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ADVENTURE OF THE MONTHJANUARY, 2005
Old Rob Roy MacGregor knew this path. Doubtless he walked it with
his boys as they moved from grazing range to grazing range 300 years ago. Likely, the
MacGregors moved cattle along this trail. Some of the cattle probably belonged to the
MacGregors. Somecalled "blackmail"probably did not. You can hear the
echoes of those times in the rush of the wind at the pass, and in the rushing streams that
plunge down both sides of the mountain.
From the broad, long, open valley to
the north called Glen Dochart the path leads up across ever-steeper meadows to a saddle
pass between peaks on a ridgeline. These peaks separate the Glen Dochart from the narrow
box canyon valley to the south, called Balquhidder Glen. The floor of Balquhidder Glen
holds two relatively shallow lochs, Loch Voil and Loch Doune. (A third loch, which appears
to the east of Loch Voil after periods of heavy rain, is known locally as "Loch
LOCH VOIL & THE BRAES O' BALQUHIDDER
that separate Balquhidder Glen from Glen Dochart are known as the Braes o
Balquhidder. Their beauty has inspired poets and dreamers, and at least one
cattle-thieving Highlander turned Scottish legend. Rob Roy MacGregor lived the last
peaceful years of his life in Balquhidder Glen. When he died, he was buried in the
churchyard at the Balquhidder Kirk. His wife, Mary, and two of his sons lie buried next to
Rob Roy. Our walk to Glen Dochart begins at the Balquhidder Kirk, and follows a steep side
valley called the Kirkton Glen to pass in the Braes o Balquhidder. Along the way you
may see what the poet Robert Tannahill saw that caused him to write the poem "The
Braes o' Balquhidder" just a few years after Rob Roy MacGregor was laid to rest at
Balquhidder churchyard in 1735.
ROY'S GRAVE, BALQUIDDER CHURCH YARD
|Let us go, lassie, go
Tae the braes o Balquhidder
Whar the blaeberries grow
'Mang the bonnie Hielan heather
Whar the deer and the rae
Lichtly bounding tegither
Sport the lang simmer day
On the braes o' Balquhidder
|I will twin thee a
By the clear siller fountain
And I'll cover it o'er
Wi the flooers o the mountain
I will range through the wilds
And the deep glens sae dreary
And return wi their spoils
Tae the bowr o my dearie
|When the rude wintry
Idly raves roun' oor dwellin
And the roar o the linn
On the nicht breeze is swellin
So merrily well sing
As the storm rattles o'er us
Till the dear shielin ring
Wi the licht liltin chorus
Noo the simmers in prime
Wi the flooers richly bloomin
Wi the wild mountain thyme
A the moorlans perfumin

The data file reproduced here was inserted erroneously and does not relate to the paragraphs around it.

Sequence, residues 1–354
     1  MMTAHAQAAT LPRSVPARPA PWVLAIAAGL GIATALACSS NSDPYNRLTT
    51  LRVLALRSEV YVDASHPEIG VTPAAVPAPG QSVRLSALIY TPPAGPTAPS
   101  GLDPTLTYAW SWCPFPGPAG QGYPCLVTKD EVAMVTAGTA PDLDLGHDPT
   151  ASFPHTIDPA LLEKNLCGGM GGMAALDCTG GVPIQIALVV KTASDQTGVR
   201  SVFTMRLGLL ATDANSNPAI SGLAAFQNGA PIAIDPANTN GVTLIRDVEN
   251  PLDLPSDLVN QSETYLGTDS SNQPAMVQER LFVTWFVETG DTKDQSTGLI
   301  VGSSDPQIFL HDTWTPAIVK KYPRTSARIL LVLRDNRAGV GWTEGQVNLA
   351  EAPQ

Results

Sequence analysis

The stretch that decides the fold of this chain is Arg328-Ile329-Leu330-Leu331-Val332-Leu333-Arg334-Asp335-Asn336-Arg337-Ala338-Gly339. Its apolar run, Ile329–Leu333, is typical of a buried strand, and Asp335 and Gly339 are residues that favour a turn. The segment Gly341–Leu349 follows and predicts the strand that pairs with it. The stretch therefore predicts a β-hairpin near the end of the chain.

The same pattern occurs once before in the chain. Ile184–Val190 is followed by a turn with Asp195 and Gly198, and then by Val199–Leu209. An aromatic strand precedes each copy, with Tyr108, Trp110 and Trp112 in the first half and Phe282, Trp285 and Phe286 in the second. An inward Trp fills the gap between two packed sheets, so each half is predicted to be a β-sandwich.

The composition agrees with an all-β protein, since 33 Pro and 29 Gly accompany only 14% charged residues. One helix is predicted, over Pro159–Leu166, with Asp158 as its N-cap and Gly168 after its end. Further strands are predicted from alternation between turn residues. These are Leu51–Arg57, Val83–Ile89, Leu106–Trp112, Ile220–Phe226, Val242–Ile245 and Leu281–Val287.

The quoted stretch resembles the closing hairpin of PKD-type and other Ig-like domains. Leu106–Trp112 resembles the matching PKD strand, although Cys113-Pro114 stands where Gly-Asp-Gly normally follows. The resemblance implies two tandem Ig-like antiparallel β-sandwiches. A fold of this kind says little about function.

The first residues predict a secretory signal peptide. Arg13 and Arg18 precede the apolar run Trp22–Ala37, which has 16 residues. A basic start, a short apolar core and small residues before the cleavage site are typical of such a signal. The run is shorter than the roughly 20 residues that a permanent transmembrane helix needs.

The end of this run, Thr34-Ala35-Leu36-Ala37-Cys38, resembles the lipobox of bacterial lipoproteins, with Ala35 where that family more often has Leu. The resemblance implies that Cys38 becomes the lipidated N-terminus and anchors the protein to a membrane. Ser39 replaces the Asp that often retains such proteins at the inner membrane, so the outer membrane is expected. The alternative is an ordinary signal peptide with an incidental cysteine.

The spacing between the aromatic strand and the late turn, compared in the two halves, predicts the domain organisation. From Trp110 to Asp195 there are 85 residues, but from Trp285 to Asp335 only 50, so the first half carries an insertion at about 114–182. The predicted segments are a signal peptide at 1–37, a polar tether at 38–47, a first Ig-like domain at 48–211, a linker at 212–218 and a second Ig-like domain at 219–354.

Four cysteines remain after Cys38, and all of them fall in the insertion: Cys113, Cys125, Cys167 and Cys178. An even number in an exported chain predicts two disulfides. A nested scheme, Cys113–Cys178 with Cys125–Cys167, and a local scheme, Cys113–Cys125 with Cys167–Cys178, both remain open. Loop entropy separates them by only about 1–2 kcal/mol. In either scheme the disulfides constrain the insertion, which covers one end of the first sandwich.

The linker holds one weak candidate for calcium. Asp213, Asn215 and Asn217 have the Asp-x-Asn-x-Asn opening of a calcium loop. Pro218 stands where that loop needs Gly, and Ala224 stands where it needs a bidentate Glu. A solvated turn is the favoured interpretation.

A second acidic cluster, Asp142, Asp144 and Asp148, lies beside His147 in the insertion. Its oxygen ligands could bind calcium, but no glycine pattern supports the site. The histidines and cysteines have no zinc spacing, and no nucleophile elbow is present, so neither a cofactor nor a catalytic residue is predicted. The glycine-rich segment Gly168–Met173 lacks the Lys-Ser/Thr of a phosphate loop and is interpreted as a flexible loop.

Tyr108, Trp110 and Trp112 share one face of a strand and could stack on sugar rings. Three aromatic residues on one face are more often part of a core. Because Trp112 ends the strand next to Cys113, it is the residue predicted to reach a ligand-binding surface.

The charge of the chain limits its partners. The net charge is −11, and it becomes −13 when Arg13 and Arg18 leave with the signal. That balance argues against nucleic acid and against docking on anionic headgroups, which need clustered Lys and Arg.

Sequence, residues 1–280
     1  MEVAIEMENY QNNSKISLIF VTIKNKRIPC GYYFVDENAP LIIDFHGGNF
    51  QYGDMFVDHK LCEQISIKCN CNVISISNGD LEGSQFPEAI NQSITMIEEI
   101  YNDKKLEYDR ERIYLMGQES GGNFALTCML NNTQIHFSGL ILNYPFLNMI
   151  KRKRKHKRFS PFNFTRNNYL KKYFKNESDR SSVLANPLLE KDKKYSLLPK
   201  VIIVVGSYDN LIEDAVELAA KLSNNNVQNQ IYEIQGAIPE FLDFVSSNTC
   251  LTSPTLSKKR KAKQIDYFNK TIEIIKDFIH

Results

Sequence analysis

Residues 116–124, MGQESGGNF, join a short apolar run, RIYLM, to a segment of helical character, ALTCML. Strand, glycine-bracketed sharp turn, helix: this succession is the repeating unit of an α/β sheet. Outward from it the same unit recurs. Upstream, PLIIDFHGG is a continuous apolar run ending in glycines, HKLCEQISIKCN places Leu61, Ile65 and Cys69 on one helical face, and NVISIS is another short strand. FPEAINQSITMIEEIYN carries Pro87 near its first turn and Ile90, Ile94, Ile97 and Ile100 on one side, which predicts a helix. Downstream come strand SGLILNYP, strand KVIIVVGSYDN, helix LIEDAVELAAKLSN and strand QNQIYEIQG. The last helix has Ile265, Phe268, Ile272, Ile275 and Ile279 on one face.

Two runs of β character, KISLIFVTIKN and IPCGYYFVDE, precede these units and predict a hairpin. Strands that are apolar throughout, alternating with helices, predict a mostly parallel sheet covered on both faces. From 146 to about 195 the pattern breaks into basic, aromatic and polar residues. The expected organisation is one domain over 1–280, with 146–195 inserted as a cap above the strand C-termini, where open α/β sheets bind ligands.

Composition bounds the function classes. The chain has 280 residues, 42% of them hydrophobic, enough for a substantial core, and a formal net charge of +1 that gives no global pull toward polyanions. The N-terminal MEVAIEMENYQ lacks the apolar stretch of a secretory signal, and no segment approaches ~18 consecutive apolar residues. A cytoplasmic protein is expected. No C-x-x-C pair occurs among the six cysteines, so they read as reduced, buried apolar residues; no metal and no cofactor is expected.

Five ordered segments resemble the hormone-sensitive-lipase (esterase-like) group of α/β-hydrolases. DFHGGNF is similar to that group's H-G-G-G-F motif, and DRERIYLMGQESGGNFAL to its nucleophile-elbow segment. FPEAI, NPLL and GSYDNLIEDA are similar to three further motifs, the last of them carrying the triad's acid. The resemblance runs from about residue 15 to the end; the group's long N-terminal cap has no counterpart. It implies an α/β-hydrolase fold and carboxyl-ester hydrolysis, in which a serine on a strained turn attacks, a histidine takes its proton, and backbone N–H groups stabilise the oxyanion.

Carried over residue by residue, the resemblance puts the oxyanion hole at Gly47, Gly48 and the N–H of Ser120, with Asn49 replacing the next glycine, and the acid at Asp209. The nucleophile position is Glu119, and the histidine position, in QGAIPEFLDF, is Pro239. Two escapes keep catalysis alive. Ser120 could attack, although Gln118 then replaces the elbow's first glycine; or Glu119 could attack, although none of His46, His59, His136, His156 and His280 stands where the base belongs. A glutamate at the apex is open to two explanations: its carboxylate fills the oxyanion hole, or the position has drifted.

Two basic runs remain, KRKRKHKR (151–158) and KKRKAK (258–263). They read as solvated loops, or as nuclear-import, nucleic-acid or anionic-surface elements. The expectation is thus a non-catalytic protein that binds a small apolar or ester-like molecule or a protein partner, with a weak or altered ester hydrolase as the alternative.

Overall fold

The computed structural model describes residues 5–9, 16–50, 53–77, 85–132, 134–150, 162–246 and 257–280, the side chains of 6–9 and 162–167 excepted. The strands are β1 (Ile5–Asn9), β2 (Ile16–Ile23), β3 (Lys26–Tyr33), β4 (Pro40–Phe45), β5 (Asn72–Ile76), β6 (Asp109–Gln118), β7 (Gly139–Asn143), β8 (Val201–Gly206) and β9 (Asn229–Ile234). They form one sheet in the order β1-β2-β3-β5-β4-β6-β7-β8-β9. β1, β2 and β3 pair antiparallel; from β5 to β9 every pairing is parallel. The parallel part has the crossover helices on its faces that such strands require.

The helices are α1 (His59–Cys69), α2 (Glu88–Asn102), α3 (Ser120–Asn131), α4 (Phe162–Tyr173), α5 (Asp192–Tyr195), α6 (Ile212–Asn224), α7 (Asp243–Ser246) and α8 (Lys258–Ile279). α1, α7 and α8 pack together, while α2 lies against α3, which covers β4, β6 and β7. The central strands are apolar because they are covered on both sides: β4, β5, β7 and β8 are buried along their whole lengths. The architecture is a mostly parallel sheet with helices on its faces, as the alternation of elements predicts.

Tae oor dear native scenes
Let us journey tegither
Whar glad innocence reigns
'Mang the braes o Balquhidder
FROM BALQUHIDDER UP KIRKTON
This hike from Balquhidder leads uphill from
Rob Roy's grave via Kirkton Glen to a pass in the mountains called the Braes o'
Balquhidder. It is a walk for anyone who considers himself a hiker or even just good
walker. The climb is steady, but not hand-over-hand steep. The scenery is ever changing
and often glorious. And you can elect to return to Balquhidder or descend into the next
valley north for a full, interesting day in the Highlands.
Begin at the Balquhidder Church. Take the track
behind the church, which parallels the burn (stream) north and uphill through the forest.
Proceed into the forest of fir and larch on the
wide track recently opened up by forestry digging. Initially the road is fairly steep, but
it levels out after five minutes or so. The path becomes a jeep road that parallels the
burn (stream) that keeps to the left (west) of the track. The stream defines this inclined
valley as the Kirkton Glen.
There is a fork at about the ten-minute mark.
At the fork continue straight ahead for about twenty minutes. Here the jeep road takes a
sharp right-hand turn (east). On the left you will see a signpost reading "Glen
Dochart" pointing uphill (north) through the forest, keeping parallel with the burn.
Take that path through the trees to your left. This section of the hike is quite steep but
lasts only 5-8 minutes. Do not give up; what you find at the top is worth it.
CLIMB BEGINS AT BALQUHIDDER KIRK
The path comes quickly out of the trees after
about 8 minutes climb into the open meadows above. Follow the zigzag path towards
the fence and stile about 50 yards in front of you. You may be huffing and puffing by now,
but make your way at least as far as the stile and stop and turn around.
Looking south you have a glorious view of the
Trossachs mountains spread out below you. You can see forever, or so it seems. In truth,
you can see as far as Stirling on a clear day.
HIKERS IN KIRKTON
GLEN ABOVE BALQUHIDDER
CONTINUED ON PAGE 2
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